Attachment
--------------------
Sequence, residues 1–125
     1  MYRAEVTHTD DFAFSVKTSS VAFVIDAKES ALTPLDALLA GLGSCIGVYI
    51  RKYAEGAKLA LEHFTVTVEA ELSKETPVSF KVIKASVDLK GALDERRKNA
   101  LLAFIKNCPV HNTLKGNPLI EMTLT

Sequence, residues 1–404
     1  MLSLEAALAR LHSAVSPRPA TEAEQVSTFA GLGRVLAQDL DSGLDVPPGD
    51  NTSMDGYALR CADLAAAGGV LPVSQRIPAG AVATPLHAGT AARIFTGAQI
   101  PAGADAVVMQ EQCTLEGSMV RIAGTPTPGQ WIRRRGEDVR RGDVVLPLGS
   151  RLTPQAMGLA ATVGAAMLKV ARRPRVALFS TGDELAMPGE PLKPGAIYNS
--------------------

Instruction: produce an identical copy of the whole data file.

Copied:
Sequence, residues 1–125
     1  MYRAEVTHTD DFAFSVKTSS VAFVIDAKES ALTPLDALLA GLGSCIGVYI
    51  RKYAEGAKLA LEHFTVTVEA ELSKETPVSF KVIKASVDLK GALDERRKNA
   101  LLAFIKNCPV HNTLKGNPLI EMTLT

Sequence, residues 1–404
     1  MLSLEAALAR LHSAVSPRPA TEAEQVSTFA GLGRVLAQDL DSGLDVPPGD
    51  NTSMDGYALR CADLAAAGGV LPVSQRIPAG AVATPLHAGT AARIFTGAQI
   101  PAGADAVVMQ EQCTLEGSMV RIAGTPTPGQ WIRRRGEDVR RGDVVLPLGS
   151  RLTPQAMGLA ATVGAAMLKV ARRPRVALFS TGDELAMPGE PLKPGAIYNS